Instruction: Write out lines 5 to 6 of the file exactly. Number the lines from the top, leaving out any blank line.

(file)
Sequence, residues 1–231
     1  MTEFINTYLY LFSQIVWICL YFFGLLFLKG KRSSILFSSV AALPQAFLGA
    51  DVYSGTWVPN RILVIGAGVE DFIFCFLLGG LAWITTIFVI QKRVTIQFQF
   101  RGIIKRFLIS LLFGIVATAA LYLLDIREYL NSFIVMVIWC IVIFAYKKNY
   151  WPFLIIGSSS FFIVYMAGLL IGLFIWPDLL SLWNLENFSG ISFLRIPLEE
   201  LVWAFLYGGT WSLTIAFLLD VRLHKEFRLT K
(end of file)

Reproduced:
   151  WPFLIIGSSS FFIVYMAGLL IGLFIWPDLL SLWNLENFSG ISFLRIPLEE
   201  LVWAFLYGGT WSLTIAFLLD VRLHKEFRLT K